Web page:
I'll start off this review by saying that I'm probably being harsher on this book than I should be due to my general distaste for second-wave feminism and 60s and 70s era environmentalism, which are the two main traditions this book seems to come from. Perhaps in a book aligned more with my politics, I would have forgiven more of my frustrations with the characters, dialog, and worldbuilding. But as it was, I disliked this book.
The narrator/protagonist is a Connie, a Mexican-American woman (written by a white author), and the book opens up with her living in a slum, talking about the drugs and crime there, and interacting with her niece, who is a sex worker, something the protagonist clearly feels disgust about — disgust that feels like it comes straight from the author, since there doesn't seem to be much of any attempt to subvert that or make any real point about it.
Connie is wrongfully and maliciously checked into a mental institution in the first chapter. The book's criticism of institutionalization and dehumanization of people with mental illnesses is where it's at its best, I think, although that point is perhaps undercut by focusing on a character who does not seem to have any real mental health problems, or at least if she does, they're not the ones she's checked in for.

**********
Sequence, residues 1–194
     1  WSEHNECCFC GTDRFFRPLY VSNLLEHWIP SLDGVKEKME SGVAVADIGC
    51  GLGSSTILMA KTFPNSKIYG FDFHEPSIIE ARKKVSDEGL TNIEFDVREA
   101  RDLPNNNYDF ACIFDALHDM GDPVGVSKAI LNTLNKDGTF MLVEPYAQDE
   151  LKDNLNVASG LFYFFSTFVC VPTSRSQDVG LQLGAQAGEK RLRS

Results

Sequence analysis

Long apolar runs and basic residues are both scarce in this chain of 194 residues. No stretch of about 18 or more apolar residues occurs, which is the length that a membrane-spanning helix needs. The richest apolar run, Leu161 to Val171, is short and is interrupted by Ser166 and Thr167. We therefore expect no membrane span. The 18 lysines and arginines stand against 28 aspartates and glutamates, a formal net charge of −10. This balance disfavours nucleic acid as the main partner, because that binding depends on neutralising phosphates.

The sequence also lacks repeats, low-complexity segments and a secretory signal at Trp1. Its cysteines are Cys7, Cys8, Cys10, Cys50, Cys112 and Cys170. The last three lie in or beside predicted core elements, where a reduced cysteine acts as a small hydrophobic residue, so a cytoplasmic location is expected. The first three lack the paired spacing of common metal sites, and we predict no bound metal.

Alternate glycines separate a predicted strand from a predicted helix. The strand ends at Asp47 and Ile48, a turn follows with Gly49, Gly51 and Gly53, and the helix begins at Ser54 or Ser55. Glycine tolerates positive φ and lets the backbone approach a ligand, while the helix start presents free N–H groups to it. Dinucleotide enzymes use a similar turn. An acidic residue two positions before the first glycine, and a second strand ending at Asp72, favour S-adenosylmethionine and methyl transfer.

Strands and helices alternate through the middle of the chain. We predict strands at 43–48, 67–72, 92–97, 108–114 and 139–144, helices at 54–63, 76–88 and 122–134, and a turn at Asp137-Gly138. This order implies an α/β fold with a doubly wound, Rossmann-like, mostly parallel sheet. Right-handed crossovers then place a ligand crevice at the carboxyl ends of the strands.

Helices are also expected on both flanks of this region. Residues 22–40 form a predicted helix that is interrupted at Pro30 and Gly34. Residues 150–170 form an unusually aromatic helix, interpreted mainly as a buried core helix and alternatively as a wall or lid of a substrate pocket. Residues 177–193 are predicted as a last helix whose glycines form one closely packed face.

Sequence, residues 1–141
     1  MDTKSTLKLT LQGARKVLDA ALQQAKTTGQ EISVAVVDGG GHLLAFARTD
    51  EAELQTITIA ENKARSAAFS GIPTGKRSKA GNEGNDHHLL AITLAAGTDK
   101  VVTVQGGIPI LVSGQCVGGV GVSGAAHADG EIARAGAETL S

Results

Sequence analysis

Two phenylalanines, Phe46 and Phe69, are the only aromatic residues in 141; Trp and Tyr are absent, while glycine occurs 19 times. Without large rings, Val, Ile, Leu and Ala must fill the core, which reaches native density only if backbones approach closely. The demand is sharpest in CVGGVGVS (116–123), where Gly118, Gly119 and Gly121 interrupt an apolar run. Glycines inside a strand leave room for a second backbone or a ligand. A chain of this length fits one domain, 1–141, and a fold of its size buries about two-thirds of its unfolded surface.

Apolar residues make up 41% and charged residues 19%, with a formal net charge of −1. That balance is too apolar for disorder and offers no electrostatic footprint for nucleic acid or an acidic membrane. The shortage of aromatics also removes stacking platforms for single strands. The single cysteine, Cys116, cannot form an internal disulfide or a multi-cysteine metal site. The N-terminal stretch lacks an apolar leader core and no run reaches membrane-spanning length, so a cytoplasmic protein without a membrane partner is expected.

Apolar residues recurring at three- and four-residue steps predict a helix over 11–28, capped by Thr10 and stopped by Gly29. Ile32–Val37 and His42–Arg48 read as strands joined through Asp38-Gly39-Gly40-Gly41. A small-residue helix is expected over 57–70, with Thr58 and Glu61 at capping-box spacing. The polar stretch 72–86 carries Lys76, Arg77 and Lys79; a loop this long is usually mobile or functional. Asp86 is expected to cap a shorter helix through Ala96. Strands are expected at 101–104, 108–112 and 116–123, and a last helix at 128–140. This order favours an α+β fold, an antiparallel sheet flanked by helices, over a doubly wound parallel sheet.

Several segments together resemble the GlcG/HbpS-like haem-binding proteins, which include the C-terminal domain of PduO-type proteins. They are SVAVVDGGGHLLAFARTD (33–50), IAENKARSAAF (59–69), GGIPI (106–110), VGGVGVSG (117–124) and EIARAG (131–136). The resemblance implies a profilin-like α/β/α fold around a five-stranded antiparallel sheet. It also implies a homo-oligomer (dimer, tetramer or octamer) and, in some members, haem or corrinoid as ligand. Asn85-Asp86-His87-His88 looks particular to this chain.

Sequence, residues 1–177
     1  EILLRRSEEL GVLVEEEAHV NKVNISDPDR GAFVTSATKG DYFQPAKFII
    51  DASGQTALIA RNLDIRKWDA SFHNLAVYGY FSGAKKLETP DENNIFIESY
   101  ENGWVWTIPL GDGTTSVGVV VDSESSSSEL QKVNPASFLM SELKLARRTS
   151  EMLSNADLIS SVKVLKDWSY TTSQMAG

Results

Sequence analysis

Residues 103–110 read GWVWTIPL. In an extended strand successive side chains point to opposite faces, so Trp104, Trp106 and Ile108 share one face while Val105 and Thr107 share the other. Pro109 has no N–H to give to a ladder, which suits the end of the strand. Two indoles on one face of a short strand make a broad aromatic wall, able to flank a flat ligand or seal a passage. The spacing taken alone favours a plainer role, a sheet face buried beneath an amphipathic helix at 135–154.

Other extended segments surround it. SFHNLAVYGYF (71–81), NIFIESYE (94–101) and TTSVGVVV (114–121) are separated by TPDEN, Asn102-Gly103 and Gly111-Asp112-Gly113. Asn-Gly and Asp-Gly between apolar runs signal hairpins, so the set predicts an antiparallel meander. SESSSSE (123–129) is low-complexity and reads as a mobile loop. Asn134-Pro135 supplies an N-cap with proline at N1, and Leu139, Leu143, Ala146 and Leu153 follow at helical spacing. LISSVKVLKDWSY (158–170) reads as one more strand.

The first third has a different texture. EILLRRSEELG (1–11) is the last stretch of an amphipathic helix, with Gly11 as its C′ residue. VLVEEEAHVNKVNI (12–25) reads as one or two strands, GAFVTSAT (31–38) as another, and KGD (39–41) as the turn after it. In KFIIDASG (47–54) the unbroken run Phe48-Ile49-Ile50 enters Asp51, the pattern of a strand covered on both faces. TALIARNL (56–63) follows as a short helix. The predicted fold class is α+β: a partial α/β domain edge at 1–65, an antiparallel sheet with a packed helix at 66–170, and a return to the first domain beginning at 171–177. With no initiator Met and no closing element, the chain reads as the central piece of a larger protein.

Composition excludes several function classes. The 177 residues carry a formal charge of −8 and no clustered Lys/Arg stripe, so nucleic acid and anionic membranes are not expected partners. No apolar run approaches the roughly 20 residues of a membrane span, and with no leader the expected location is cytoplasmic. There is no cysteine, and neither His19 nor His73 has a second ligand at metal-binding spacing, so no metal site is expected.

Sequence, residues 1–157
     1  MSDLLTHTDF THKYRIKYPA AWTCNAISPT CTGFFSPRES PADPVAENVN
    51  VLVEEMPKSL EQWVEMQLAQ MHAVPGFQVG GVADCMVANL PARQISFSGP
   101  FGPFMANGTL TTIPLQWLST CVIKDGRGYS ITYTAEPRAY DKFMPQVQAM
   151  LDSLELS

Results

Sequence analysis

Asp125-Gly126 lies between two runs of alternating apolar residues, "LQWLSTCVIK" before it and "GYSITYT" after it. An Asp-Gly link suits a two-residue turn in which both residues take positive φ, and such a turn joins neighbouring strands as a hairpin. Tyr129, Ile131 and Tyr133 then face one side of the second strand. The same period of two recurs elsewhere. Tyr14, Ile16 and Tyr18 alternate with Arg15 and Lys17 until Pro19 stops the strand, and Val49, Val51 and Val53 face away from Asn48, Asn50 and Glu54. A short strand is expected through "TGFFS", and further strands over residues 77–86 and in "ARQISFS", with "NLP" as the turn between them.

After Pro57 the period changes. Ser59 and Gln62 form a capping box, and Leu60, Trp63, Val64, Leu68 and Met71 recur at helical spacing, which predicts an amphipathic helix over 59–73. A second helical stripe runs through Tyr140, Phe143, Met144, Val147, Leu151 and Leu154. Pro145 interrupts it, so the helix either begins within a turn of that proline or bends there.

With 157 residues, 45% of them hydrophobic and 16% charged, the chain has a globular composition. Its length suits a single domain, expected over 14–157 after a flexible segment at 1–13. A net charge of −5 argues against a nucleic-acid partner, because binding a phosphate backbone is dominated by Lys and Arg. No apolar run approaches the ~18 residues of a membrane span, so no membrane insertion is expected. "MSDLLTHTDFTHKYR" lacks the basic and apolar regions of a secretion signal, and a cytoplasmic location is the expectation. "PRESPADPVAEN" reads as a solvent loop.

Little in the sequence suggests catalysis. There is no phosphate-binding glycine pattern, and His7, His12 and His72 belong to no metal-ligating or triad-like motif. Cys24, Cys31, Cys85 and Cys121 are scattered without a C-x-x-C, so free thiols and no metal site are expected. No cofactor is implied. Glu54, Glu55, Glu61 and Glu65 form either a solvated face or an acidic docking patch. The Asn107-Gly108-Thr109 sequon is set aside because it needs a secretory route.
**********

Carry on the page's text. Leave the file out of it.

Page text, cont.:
Connie is contacted by Luciente, a person from the future, who assists her in astrally projecting (it's not called that, but that is the kind of thing it is) into the future, so that they can show her their utopian society, where all the goals of feminists and environmentalists in the 70s have been enacted.
In order for the book to be able to explain everything to the reader extremely directly and with no subtlety at all, Connie is written as a complete bumbling idiot who can't understand anything in the future being different from the way it was in the past. There are probably at least a hundred instances of dialog where someone from the future says something that like. Might be a little but surprising but really isn't hard to wrap one's head around, and Connie just expresses complete shock and disbelief, prompting them to explain in more detail — I was nearly shouting "show, don't tell!" to myself by the end of the book.
The actual world seems either not well thought through, not well explained, or maybe both. There is a mix of return-to-the-land style agrarian aesthetics and high-tech gene-editing, voice-recognizing smartwatches, holographic projectors, etc that would nowadays probably be recognized as solarpunk, but without any real analysis of how these technologies exist in a society structured as they are. I'm not sure exactly how much I can blame the author for this — I have both a deeper understanding of technology and nearly 50 years more history of the technology industry to draw on, but it seems like it should have been pretty obvious by the late 70s that you don't end up with high-tech devices without a society that is geared around technology — this book seems to exhibit a sort of magical thinking around technology that you can simply pick and choose the good bits of technology without worrying at all about the systems that create that technology. Unfortunately, this is disastrously wrongheaded and this very ideology remains a looming and destructive force today.